Free mobile version of Spotify to be introduced

According to the Wall Street Journal, Spotify is about to introduce a free mobile version.

The new ad-supported offering will allow nonpaying mobile users to play a limited number of songs on demand, but will mostly serve up music based on the user’s input, much like custom radio services such as Pandora.

This move makes a lot of sense.

The usual path of a Spotify user was to get the free desktop version and then they would eventually upgrade to premium. Either because of the ads or because of the mobile version which is currently limited to premium users.

But given that traditional computers are on the wane, Spotify is slowly losing their only channel for users to upgrade.

Of course the free mobile version will cannibalize some of the premium users. But how many users are there that would pay €10 for the full mobile version, that would swap that for a free radio service (with only limited on-demand songs)? Probably not many.

Hat tip for getting that deal with the record labels though. Must have been a nightmare to negotiate.

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Do we really care what music our friends like?


Back in 2011 Spotify said that “Music is one of the most social things there is.” In what sounded like a threat they added “You’ll now start seeing new music posts and play buttons all over your newsfeeds.” And indeed, we did. Even when the posts became more balanced, I never really felt that it was that interesting to know what my friends were listening to (still far more interesting than pictures of food, offspring, or offspring eating food though. You know who you are!).

The other day I came across this article by Robert Andrews where he concludes:

“For me, music is not “social” but is, in fact, the most personal cultural artefact imaginable. So, when Spotify has shown me what my friends are listening to, I just realise this — I love my friends, but I hate their music.”

I think he’s absolutely right – of all possible sources of music recommendation, “what my friends listen to” is probably the least relevant one.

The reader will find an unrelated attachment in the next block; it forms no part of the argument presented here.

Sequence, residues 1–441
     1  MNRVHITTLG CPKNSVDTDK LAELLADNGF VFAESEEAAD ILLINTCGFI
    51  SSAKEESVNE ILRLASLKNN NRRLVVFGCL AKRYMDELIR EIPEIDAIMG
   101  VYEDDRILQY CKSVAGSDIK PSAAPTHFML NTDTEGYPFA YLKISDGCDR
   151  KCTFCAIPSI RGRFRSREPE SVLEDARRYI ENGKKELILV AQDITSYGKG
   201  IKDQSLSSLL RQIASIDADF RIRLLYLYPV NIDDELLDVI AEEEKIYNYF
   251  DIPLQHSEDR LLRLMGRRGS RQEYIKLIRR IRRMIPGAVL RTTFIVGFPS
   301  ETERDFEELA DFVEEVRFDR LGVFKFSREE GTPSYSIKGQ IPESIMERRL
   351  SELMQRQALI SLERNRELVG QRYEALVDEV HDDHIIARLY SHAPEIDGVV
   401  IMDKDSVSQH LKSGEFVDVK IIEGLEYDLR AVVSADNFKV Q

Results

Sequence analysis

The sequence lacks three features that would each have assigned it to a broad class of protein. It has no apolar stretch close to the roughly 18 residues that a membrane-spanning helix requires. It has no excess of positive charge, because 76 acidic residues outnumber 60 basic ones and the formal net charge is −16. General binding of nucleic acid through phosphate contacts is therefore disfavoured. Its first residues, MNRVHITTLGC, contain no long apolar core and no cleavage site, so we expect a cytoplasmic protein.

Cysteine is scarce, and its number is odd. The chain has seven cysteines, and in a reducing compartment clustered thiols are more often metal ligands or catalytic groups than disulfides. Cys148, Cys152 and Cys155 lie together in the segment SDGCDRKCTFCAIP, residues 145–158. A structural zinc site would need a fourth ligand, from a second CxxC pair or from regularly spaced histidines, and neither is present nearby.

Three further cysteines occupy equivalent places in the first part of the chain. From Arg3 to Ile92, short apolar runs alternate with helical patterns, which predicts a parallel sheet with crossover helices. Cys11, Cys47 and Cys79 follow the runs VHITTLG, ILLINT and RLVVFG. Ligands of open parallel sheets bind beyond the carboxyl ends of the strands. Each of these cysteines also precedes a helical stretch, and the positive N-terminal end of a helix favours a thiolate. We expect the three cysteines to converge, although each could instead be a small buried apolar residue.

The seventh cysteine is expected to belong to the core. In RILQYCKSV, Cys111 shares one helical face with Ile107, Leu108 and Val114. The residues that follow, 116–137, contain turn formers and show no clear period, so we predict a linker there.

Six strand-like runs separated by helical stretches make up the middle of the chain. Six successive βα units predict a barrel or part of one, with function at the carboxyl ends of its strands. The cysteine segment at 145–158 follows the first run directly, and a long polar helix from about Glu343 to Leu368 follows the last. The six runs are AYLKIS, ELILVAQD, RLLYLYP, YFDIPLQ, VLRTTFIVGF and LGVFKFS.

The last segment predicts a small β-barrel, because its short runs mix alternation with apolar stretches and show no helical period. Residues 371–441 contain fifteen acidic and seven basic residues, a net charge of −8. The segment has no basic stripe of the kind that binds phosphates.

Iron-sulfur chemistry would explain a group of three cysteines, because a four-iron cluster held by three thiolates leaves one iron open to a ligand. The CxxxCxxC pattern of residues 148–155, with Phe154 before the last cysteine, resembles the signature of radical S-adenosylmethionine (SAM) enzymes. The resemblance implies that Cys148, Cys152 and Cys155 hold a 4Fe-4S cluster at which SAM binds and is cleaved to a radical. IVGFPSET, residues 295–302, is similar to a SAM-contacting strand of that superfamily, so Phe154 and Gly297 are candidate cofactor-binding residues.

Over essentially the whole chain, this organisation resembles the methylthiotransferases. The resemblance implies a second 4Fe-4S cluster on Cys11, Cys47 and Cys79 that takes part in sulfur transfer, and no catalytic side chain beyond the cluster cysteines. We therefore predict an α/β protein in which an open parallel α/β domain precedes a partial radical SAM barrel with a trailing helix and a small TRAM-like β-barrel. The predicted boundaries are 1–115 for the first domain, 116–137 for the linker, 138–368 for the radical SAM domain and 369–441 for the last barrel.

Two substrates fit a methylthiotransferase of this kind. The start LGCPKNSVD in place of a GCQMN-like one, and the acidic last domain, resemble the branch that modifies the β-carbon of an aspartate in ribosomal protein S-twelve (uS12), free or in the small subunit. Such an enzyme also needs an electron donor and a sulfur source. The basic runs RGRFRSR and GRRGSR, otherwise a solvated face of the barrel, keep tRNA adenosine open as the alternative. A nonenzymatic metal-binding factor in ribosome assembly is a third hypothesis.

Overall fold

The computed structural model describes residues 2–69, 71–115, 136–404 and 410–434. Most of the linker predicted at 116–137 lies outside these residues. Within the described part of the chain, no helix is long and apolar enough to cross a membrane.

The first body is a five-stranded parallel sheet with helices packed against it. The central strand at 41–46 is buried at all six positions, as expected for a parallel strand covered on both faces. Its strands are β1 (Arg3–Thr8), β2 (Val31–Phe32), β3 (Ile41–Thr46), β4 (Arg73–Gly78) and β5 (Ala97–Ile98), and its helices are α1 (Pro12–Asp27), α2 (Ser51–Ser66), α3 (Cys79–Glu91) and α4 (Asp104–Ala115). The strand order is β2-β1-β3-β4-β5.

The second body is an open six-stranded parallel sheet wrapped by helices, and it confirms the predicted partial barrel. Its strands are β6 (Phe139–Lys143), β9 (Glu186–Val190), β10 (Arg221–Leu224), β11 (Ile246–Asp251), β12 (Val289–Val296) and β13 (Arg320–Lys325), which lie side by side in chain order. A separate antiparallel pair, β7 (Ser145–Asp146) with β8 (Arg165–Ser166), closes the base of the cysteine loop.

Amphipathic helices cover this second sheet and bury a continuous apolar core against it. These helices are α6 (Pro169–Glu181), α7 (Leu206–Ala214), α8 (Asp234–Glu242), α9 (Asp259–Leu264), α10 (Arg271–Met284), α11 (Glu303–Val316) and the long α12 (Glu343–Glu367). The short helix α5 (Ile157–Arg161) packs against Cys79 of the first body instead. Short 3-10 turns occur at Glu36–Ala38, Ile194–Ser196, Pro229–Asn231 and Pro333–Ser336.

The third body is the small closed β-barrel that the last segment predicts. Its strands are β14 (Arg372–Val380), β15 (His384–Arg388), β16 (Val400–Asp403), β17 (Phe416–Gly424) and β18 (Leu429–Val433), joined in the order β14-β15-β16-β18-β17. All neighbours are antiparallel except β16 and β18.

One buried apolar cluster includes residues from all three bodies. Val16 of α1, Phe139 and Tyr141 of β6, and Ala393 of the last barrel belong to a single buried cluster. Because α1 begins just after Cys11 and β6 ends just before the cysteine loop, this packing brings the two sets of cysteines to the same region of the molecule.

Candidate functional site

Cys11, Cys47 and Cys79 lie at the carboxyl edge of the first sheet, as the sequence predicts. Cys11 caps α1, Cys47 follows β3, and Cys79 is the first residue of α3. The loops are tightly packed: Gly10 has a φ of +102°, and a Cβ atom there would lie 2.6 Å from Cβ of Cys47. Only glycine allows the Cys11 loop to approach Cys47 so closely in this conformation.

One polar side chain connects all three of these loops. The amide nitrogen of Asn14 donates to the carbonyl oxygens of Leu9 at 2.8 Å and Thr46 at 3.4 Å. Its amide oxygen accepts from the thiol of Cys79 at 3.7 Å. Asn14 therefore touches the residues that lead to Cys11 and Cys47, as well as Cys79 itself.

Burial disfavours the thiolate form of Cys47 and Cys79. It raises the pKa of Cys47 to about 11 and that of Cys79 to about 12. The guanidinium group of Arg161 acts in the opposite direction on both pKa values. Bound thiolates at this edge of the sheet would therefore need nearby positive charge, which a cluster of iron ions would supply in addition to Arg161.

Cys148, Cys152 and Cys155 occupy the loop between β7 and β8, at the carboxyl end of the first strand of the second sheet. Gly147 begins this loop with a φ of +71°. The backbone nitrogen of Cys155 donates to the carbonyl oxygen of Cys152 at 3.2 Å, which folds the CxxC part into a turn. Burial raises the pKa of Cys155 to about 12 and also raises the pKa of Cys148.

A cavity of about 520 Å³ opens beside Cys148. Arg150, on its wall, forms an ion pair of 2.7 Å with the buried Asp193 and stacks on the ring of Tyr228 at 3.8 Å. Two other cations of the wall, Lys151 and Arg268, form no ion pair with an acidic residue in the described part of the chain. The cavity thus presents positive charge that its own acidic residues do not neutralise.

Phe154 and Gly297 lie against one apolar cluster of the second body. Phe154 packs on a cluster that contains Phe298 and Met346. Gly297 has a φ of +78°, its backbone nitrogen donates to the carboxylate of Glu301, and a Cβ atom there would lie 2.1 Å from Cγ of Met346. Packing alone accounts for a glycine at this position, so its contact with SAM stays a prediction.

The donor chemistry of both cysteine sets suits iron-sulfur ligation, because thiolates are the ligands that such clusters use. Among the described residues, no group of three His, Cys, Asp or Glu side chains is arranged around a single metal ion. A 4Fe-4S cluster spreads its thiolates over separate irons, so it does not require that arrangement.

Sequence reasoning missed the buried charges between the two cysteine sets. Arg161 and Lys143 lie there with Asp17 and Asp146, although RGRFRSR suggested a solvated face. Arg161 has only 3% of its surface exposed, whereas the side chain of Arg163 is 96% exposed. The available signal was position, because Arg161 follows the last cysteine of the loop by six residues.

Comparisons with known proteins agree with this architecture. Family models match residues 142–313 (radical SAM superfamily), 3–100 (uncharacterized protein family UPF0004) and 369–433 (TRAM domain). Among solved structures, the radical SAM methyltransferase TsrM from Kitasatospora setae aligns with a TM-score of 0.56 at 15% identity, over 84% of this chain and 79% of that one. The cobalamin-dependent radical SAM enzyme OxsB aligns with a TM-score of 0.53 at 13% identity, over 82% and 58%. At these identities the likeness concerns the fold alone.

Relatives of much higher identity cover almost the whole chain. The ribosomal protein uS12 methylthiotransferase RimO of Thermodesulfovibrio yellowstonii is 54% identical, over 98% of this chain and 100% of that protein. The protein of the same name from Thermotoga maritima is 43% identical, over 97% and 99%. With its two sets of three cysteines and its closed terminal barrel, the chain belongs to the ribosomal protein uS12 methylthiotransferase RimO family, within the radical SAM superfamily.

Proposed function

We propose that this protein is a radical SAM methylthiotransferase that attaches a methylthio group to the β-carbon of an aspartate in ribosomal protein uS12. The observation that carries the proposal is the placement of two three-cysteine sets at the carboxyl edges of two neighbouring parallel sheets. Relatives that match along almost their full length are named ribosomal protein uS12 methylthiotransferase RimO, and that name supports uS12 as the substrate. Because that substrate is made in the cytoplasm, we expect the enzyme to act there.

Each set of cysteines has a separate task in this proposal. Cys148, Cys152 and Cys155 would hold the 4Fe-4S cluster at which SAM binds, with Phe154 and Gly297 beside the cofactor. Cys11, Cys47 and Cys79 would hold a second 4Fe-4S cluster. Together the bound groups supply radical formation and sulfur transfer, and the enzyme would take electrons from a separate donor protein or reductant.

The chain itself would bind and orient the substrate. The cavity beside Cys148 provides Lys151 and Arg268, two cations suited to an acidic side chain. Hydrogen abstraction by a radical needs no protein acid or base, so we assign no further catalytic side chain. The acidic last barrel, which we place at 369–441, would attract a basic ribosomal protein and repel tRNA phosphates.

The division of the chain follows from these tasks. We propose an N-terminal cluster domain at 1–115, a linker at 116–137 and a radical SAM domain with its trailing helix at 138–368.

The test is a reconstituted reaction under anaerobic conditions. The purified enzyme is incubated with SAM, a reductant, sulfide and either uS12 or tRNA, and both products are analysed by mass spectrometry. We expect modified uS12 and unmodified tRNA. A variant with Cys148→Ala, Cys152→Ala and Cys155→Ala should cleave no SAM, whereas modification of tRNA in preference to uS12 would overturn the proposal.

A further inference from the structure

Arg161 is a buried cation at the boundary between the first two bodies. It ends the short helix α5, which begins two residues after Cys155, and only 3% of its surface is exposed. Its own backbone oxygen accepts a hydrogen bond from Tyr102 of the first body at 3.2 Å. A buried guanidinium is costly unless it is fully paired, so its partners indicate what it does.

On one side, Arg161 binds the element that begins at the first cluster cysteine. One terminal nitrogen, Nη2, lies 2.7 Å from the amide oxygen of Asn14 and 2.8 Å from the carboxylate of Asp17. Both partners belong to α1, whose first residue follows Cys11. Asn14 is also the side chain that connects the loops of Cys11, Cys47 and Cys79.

But what’s the real reason for the facebook integration?

I doubt that giving people valuable music recommendations is really the reason why Spotify wants to flood our newsfeeds with music posts. The real reason – and far more compelling at that – is probably just to get some buzz and visibility on facebook, be it relevant or not. If I see 10 times a day that someone in my network listens to SOMETHING on SPOTIFY, there’s a chance that once I decide to try online streaming Spotify’s going to be the first thing that comes to my mind.

In other words, Spotify is currently in the growth stage of the product life cyle. The advertising focus during that phase is typically to build awareness in the mass market (see Kotler’s classic ‘Marketing Management‘ or one of the summaries (e.g.).

In conclusion, Spotify does the absolutely right thing in terms of marketing their product. Helpful recommendations, however, are an entirely different story.


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WiMP enters German market

After the music streaming services Rdio, and Deezer only recently entered the German market, yet another player will join the merry crowd : WiMP (yes… let’s hope they change their name for the English-speaking market!) is the name of the service, and users beta access can be requested on their German website

So what are they bringing to the market? As Thor Martin Jensen, Global Editorial Manager of WiMP said on, editorial content will be at the core of the service. Also, their plan is to allow the music industry to participate in the development of the service.

According to Musikmarkt, WiMP the editorial content will come in the form of playlists, recommendations and other editorial content that’s targeted at the German music market. In addition to offering the latest releases, WiMP will also focus on allowing users to “rediscover the back catalogue”.

Let’s see how that goes. By the way, Spotify, where art thou?

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Rhapsody Acquires Napster International

Rhapsody announced on Thursday that they have acquired Napster International, i.e., the non-US branch of Napster, which is currently operating in the UK and in Germany.

Unlike in the US, where the Napster brand is put on ice, Rhapsody will retain the Napster brand in the UK and Germany, because of its high brand awareness. The service as such will be replace by Rhapsody technology though, and Napster subscribers will be migrated to Rhapsody’s infrastructure by March.

After more than a decade in the US market, the music streaming pioneer had bought Napster US  from its owner Best Buy back in October 2011. With the acquisition of Napster International, Rhapsody now for the first time moves to foreign territory, shortly after Spotify entering the US market last year.

Rhapsody says they have over 1 million paying subscribers, compared to 3 milion that Spotify claims to have (see yesterday’s post).

read more – Music for Everyone?


The other day I pointed out four reasons why is worth checking out. While certainly brings a fresh breeze into the market, I believe they will have a tough time. Here’s why:

Let’s look again at what lets stand out in the ecosystem of streaming services. The biggest difference between and the existing players is clearly the user interface, which is designed to be very easy and intuitive. In the launch presentation Rob Lewis, chairman of, said that the market of digital music is still in its infancy and has not yet reached the mainstream. Players like Spotify, at the same time, do not address the mainstream market, but a small niche instead: